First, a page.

But it's impossible to say anything about this film without mentioning the "rude mechanicals," the Athenian workmen "who have not labored in their minds till now." Made up of a crew of great vaudevillians of a generation previous, they are dominated by a young James Cagney as Bottom, whose transformation into an ass-headed monster causes his friends to panic and makes up much of the humor when Titania, Queen of the Fairies, is made to fall in love with him by Puck dropping love-juice into her sleeping eye. ("What angel wakes me from my flowery bed?")

And as always with Shakespeare, there is so much in here that has slipped into common usage, "familiar in their mouths as household words," as his Henry V says in his own play. When Lysander (played by Dick Powell) tells Hermia, "The course of true love never did run smooth," it wasn't something we'd all heard a million times before. And near the end, Oberon, here attired as the Horned God (if in a slightly campy, glittery way), lends his power to the three couples who marry at the end:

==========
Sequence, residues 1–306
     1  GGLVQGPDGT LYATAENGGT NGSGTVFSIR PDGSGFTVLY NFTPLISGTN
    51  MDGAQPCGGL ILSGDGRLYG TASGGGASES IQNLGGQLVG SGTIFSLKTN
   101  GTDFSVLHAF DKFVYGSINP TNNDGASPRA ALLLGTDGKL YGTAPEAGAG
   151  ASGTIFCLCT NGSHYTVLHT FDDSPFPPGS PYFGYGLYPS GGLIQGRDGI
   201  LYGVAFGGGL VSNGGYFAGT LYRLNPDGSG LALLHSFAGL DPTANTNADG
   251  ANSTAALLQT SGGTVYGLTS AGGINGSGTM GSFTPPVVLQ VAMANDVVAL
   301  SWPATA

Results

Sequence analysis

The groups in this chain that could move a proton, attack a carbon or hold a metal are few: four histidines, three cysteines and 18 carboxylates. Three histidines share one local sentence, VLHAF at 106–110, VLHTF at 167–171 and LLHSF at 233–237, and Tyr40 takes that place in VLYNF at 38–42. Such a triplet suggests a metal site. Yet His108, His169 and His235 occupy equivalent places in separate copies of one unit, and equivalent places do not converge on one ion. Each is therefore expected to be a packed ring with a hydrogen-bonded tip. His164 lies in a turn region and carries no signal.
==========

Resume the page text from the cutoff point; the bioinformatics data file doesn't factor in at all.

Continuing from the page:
"To the best bride-bed will we,
Which by us shall blessed be."

As a Shakespeare scholar, I have my favorite scenes and speeches, and I admittedly vacillate between Prospero's "We are such stuff as dreams are made on" ("The Tempest, IV, 1) and Puck's closing speech here. Yet whenever I am called upon to deliver a kind of benediction -- before a friend's wedding, before a performance in a new venue, or just to close off some major life event -- I rely on Puck's valedictory address to the audience. Else the Puck a liar call!